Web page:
Friday, March 20, 2009

Identity Theft Policy and Your Rights.

I imagine that by now you have heard a great deal about steps all of us can take to prevent identity theft. Indeed there are things we can and should do to reduce our exposure to information theft. Shred credit card offers and bill statements before tossing them out in the trash. Check your bank and credit card statements as soon as they arrive in the mail, and report any suspicious items to the bank immediately. Don’t carry your Social Security card in your wallet or purse. Check your credit report often, or better yet have an identity theft monitoring service so you will know your credit report status at all times. If you use a computer then you face another set of privacy issues. You need sturdy firewall software protection. Never open suspicious emails, especially ones containing attachments. These are just a few of the measures we all need to take and are a critical part of our culture of personal security. The sooner these kinds of activity become part of our routine the better off we are.

But when was the last time anyone spoke to you about your legal rights to have your personal information protected by someone like your Alma Mater or your County clerk?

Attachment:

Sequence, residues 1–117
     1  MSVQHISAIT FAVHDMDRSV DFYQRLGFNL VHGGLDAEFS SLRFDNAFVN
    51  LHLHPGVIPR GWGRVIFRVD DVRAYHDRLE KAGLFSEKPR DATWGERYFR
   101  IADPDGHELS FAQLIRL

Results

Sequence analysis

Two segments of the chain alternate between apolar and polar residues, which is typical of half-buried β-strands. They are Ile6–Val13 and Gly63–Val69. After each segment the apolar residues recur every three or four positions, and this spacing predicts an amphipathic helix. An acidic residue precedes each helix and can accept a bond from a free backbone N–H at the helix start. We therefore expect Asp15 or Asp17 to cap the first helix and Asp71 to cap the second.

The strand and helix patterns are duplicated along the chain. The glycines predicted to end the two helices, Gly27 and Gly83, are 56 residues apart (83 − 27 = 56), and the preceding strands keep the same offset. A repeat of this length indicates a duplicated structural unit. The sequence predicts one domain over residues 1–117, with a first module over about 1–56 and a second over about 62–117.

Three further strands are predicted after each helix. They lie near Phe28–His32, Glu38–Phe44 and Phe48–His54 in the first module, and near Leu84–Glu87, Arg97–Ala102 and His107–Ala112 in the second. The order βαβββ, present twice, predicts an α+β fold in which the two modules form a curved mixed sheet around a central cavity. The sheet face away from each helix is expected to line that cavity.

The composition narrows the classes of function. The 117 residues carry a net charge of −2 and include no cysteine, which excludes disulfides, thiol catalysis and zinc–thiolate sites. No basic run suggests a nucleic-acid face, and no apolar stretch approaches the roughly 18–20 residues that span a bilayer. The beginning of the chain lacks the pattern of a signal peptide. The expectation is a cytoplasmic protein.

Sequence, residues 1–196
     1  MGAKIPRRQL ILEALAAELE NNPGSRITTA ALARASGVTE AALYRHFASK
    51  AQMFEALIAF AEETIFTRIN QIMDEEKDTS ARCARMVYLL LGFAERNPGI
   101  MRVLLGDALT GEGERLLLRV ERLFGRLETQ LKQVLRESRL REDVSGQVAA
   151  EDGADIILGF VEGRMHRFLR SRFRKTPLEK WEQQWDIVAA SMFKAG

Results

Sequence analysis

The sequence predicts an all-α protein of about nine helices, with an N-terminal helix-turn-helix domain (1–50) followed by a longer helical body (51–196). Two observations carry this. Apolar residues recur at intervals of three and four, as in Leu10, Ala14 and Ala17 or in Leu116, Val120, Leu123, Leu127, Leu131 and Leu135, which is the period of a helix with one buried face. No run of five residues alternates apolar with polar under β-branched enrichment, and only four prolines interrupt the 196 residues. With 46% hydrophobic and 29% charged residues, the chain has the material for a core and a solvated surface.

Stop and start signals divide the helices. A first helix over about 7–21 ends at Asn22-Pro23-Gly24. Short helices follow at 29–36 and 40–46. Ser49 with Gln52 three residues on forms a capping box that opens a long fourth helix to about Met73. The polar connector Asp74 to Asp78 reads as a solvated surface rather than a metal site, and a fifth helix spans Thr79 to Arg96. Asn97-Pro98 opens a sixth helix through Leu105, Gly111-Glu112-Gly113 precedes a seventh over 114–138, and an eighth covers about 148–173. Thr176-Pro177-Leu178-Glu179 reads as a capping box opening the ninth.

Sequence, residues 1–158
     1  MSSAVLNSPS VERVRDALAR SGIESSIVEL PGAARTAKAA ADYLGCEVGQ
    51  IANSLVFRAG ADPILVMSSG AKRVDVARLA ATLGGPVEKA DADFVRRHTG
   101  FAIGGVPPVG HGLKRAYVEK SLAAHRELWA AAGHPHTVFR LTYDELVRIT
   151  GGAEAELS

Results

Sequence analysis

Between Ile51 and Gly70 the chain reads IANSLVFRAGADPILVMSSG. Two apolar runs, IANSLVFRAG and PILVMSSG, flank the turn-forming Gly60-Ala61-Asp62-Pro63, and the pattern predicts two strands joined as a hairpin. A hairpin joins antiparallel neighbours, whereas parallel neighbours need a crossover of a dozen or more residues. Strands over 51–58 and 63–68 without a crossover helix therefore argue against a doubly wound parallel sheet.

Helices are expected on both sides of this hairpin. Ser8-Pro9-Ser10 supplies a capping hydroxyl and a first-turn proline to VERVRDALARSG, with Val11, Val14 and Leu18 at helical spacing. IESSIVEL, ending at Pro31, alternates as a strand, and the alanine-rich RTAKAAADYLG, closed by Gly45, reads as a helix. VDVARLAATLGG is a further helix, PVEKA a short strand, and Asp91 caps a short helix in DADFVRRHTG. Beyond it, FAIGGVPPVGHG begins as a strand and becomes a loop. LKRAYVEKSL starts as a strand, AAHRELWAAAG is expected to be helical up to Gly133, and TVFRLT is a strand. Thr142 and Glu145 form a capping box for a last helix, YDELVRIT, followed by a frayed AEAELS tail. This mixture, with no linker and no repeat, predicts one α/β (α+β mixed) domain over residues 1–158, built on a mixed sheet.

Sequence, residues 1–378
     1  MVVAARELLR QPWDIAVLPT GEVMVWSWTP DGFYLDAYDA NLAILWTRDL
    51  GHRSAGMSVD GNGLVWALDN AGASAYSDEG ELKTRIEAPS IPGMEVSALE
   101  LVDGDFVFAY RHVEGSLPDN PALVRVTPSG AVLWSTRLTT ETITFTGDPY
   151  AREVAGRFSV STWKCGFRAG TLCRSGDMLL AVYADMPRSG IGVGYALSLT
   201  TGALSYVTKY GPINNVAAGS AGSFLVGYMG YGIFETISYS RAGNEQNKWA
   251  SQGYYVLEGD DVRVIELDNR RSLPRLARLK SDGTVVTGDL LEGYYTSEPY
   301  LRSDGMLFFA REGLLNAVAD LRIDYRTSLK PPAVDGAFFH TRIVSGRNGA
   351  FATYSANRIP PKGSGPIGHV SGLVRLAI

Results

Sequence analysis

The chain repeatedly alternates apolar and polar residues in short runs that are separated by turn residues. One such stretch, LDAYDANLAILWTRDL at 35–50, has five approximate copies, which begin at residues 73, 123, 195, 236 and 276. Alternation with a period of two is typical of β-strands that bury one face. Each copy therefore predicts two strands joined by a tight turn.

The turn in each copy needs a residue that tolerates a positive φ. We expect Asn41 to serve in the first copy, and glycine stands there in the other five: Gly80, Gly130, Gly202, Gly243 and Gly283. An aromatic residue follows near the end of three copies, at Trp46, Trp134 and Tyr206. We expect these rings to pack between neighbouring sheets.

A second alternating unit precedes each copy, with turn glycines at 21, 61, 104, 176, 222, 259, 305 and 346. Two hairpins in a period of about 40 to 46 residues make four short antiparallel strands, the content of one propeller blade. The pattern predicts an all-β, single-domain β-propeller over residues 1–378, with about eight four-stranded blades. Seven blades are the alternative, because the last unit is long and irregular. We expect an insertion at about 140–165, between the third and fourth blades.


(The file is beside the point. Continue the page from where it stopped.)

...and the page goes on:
It has been a while since I wrote about all of the databases and lists where your personal information is kept. The bank comes to mind as a perfect example. Certainly they have some pretty personal stuff about your financial status and probably your SSN, home address, phone number, etc. How would you feel if they lost it to thieves? Well, there are literally thousands of places where your personal information is held. From your high school, college, medical records, property deeds, Human Resources files at your work, the federal government, to your county records. The list is almost endless. So called specialty databases like the Casualty and Loss databases kept by Choicepoint track every insurance claim made in your name. What if those entries are the result of identity theft? These and many other databases are kept on all of us, and the accuracy of those records is absolutely crucial. The problem is that databases are hacked and stolen constantly. These businesses that hold your information are supposed have procedures in place to protect that data from being lost, published, corrupted, or stolen. The problem is that a lot of them are not adhering to the government guidelines. A promise, a wink, and really good IT guy are no longer sufficient. There are no excuses for poor or even non-existent identity theft policies and practices on the part of any company. The government, by way of the FTC and other agencies has the power to prosecute the companies who have shirked their responsibilities.